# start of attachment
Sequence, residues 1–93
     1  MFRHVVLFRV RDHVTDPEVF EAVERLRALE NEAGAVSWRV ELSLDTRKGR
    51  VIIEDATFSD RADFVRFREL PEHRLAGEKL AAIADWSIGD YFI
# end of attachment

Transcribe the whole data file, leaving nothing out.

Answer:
Sequence, residues 1–93
     1  MFRHVVLFRV RDHVTDPEVF EAVERLRALE NEAGAVSWRV ELSLDTRKGR
    51  VIIEDATFSD RADFVRFREL PEHRLAGEKL AAIADWSIGD YFI